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Steven McMullen
Hope College
  1. Against Inefficacy Objections: The Real Economic Impact of Individual Consumer Choices on Animal Agriculture.Steven McMullen & Matthew C. Halteman - 2018 - Food Ethics 1 (4):online first.
    When consumers choose to abstain from purchasing meat, they face some uncertainty about whether their decisions will have an impact on the number of animals raised and killed. Consequentialists have argued that this uncertainty should not dissuade consumers from a vegetarian diet because the “expected” impact, or average impact, will be predictable. Recently, however, critics have argued that the expected marginal impact of a consumer change is likely to be much smaller or more radically unpredictable than previously thought. This objection (...)
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    Is Capitalism to Blame? Animal Lives in the Marketplace.Steven McMullen - 2015 - Journal of Animal Ethics 5 (2):126-134.
    Increasing efficient production of commercial animal products has resulted in decreased quality of life and shorter life spans for animals being farmed and bred. Should this animal welfareproblem be blamed on farmers or consumers? Or should we blame the capitalist system? I argue that those elements that make the market economy successful also result in poor outcomes for animals in the system. Understanding the way in which capitalism is the problem allows us to think clearly about what reforms are necessary (...)
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    Against Inefficacy Objections: the Real Economic Impact of Individual Consumer Choices on Animal Agriculture.Matthew C. Halteman & Steven McMullen - 2019 - Food Ethics 2 (2-3):93-110.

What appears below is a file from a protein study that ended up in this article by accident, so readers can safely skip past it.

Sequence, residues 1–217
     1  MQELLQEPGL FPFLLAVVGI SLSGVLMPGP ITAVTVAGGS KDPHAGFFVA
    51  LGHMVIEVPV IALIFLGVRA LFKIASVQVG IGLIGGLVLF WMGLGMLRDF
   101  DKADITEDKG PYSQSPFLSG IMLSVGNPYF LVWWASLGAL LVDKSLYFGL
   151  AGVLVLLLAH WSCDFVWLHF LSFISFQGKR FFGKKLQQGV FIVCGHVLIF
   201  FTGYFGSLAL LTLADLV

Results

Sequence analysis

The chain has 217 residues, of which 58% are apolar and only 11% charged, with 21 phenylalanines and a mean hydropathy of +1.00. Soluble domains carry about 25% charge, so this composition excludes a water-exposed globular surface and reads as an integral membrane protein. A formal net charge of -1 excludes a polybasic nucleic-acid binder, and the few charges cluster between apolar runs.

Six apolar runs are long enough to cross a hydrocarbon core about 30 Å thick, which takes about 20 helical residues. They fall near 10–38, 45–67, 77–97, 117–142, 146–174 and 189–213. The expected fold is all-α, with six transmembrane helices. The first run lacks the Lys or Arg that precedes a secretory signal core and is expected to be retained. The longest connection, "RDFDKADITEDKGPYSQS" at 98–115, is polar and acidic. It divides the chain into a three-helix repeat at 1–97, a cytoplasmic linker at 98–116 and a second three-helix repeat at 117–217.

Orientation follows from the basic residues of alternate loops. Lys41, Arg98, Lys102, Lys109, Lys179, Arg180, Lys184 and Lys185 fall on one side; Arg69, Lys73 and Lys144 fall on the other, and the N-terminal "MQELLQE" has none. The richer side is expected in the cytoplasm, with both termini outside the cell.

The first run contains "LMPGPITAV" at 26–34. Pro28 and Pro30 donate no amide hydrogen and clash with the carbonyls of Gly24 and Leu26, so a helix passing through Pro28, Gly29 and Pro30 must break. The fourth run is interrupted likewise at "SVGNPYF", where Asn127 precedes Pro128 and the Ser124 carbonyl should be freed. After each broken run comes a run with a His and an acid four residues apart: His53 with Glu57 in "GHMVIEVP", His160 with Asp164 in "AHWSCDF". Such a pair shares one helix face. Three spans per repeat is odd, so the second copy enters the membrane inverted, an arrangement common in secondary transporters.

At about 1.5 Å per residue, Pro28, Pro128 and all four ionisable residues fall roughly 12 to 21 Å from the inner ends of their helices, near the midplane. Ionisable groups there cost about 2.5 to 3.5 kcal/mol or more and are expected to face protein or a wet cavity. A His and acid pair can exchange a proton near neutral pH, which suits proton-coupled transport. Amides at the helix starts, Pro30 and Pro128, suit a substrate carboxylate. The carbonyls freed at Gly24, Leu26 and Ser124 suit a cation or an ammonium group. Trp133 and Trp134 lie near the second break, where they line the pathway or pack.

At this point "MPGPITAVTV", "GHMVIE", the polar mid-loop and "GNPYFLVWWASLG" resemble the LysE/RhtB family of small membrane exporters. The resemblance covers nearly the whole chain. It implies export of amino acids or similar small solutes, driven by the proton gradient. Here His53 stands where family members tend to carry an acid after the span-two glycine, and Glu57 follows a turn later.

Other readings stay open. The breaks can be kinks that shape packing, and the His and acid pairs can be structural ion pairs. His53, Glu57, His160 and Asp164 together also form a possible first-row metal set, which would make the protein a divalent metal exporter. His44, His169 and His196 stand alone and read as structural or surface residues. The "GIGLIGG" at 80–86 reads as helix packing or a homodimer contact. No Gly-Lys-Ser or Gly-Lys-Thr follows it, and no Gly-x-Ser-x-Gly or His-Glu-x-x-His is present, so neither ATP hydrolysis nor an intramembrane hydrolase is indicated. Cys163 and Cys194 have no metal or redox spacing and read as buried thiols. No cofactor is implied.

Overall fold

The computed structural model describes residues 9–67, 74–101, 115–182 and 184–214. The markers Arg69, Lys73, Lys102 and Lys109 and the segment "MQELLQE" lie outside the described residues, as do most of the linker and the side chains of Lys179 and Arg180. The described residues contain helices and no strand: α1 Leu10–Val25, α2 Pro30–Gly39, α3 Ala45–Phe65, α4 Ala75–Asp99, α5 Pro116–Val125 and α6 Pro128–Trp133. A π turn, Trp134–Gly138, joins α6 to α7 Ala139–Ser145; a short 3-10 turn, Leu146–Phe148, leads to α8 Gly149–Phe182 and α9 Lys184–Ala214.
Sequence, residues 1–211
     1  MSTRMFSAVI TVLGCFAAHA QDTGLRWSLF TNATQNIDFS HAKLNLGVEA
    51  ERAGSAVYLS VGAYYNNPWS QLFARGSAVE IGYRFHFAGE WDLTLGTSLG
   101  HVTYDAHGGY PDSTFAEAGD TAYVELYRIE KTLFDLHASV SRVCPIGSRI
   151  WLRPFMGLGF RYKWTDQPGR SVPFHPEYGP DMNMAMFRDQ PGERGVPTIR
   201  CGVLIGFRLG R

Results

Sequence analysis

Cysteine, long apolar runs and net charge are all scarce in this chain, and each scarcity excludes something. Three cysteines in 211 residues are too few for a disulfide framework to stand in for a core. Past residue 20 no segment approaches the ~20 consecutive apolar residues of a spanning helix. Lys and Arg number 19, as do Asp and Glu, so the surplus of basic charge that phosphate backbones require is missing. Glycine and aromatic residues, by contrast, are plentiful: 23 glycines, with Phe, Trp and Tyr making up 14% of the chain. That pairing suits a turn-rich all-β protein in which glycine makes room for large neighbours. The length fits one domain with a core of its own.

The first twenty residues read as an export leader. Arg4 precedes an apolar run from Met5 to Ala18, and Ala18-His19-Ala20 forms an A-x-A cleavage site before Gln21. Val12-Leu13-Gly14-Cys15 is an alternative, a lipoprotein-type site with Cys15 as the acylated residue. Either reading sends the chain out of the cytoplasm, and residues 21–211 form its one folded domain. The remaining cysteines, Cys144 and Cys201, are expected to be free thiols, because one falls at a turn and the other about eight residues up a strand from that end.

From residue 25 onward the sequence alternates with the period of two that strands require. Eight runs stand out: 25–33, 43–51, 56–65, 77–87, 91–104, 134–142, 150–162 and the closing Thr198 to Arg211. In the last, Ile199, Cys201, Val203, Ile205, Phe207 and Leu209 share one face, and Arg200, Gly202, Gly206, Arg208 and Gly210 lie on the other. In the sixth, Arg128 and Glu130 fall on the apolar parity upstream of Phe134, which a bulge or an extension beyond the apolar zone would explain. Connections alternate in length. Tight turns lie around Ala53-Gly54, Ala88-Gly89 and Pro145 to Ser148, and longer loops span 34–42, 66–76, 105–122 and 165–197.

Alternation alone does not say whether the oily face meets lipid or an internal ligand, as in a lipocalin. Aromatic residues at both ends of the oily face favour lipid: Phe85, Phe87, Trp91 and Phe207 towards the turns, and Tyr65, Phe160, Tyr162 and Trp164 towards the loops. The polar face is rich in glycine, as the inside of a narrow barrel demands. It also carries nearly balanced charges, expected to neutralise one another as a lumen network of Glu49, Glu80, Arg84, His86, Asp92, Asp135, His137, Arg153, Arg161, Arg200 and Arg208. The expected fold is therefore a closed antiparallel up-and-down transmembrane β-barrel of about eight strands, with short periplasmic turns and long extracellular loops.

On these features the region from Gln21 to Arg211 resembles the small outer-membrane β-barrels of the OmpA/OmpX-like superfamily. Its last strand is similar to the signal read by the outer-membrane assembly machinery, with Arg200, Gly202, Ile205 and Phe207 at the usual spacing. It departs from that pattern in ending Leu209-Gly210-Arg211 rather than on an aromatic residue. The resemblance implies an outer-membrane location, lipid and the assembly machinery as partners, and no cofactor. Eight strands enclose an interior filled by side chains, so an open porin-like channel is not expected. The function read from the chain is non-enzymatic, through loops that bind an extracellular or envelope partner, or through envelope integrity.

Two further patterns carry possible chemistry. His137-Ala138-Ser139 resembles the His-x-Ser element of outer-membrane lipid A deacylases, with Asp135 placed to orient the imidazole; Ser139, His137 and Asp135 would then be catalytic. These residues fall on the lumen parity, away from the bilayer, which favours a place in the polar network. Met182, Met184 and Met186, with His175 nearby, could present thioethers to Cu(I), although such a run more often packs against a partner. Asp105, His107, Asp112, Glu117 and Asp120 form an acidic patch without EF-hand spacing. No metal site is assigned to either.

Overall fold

When consumers choose to abstain from purchasing meat, they face some uncertainty about whether their decisions will have an impact on the number of animals raised and killed. Consequentialists have argued that this uncertainty should not dissuade consumers from a vegetarian diet because the “expected” impact, or average impact, will be predictable. Recently, however, critics have argued that the expected marginal impact of a consumer change is likely to be much smaller or more radically unpredictable than previously thought. This objection (...)
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    Can Economists Speak for Farmed Animals?Steven McMullen - 2013 - Journal of Animal Ethics 3 (2):174-181.
    Compassion, by the Pound is an excellent volume on the economics of animal agriculture. The authors’ analysis of animal welfare includes important contributions to the practice of cost-benefit analysis and a groundbreaking study of consumer preferences for more ethically produced animal products. Undergirding their economic analysis, however, is an inadequate engagement with animal ethics and economic ethics. This review highlights the strengths of this book and then considers three problems with the authors’ implicit ethical framework. This book highlights both the (...)
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